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When Writing for Busy Readers, Less Is More

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When Writing for Busy Readers, Less Is More

Behavioral Scientist,

5 min read
4 take-aways
Audio & text

What's inside?

In writing, brevity is a virtue.

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  • Engaging


Have you read Tolstoy’s War and Peace? Have you tackled Proust’s In Search of Lost Time? How about Cervantes’s Don Quixote or Joyce’s Ulysses? It doesn’t take a genius to work out why so many people struggle to complete these epic classics: Long texts are daunting. This is as true of an email as it is of a historical novel. Scholars Todd Rogers and Jessica Lasky-Fink underline the importance of brevity in writing. If you want to maximize your messages’ reach and effectiveness, read their concise advice.


If you want your writing to strike a chord with your audience, remember the golden rule: Less is more.

On average, white-collar professionals spend a third of their working time responding to the scores of emails and messages they receive each day. No sooner have you responded to one message than another pops into your inbox. Staying abreast of the deluge is a Sisyphean task.

According to the prevailing wisdom, the longer the text, the better. Several theories attempt to explain this phenomenon: Perhaps grade school policies that forced student assignments to aim for a certain word count have lingering effects in adulthood. Or maybe writers believe they appear smarter if they have more to say. Or possibly people fear they will omit something of import if they don’...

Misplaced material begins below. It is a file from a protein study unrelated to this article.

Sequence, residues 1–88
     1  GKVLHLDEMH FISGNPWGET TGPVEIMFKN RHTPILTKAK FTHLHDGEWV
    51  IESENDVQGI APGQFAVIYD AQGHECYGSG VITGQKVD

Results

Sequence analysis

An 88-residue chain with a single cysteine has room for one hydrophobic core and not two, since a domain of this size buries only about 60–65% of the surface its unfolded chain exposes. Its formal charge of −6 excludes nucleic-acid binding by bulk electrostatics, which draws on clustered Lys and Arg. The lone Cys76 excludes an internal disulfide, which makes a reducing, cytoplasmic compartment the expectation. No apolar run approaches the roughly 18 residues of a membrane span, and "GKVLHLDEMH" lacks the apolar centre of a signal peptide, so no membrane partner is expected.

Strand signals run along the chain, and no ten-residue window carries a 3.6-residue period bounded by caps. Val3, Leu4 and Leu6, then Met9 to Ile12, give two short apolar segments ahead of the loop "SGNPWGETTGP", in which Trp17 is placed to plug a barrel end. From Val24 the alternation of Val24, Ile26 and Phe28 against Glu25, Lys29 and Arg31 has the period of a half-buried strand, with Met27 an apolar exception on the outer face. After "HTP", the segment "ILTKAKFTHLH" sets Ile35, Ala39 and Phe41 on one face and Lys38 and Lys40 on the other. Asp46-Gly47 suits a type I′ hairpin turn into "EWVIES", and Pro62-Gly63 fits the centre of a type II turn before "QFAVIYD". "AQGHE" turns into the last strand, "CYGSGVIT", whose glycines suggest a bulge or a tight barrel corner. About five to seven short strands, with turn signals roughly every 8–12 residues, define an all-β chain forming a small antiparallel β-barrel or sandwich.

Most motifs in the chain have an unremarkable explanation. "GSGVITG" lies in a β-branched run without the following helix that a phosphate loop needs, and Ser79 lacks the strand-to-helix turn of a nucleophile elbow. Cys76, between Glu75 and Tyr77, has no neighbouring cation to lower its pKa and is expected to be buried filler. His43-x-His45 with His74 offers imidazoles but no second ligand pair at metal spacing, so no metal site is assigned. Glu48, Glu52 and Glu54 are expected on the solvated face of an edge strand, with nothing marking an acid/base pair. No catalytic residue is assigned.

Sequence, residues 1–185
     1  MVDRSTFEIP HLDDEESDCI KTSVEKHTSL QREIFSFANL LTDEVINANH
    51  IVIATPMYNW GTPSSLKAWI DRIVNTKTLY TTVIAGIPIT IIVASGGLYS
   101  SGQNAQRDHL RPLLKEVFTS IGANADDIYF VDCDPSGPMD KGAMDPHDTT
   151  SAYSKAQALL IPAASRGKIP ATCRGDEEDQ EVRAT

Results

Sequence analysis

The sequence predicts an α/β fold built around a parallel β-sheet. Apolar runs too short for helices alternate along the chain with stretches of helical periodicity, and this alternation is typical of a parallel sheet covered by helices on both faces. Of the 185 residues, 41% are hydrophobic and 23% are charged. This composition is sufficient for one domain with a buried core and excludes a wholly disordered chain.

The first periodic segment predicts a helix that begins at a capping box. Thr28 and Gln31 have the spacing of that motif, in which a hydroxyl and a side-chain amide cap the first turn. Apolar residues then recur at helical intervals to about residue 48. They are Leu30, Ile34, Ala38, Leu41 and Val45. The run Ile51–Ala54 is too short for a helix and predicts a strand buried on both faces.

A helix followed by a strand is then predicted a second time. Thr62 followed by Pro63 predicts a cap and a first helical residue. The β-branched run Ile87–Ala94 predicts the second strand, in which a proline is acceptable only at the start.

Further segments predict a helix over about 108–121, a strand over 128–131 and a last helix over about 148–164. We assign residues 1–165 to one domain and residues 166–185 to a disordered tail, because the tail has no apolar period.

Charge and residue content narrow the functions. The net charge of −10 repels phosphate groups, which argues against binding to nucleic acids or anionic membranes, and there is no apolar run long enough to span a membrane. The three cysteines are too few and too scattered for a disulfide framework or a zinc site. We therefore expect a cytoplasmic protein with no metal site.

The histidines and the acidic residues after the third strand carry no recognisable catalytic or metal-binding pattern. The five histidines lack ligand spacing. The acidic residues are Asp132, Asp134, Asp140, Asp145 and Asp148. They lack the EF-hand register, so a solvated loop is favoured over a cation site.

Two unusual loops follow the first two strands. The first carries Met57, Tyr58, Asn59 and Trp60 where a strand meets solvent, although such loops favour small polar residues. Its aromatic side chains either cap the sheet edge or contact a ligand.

About the Authors

Todd Rogers is a professor of public policy at Harvard University. He teaches communicators how to write better for busy audiences. Jessica Lasky-Fink is the research director at the People Lab. She applies insights from behavioral science to improve the delivery of government services and programs. Rogers and Lasky-Fink co-wrote Writing for Busy Readers.

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    J. M. 5 months ago
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    A. V. 9 months ago
    The average person receives numerous messages daily, with professionals spending one-third of their workweek reading and responding to emails. However, more writing may lead to less reader engagement, with 165 out of 166 professionals preferring concise messages.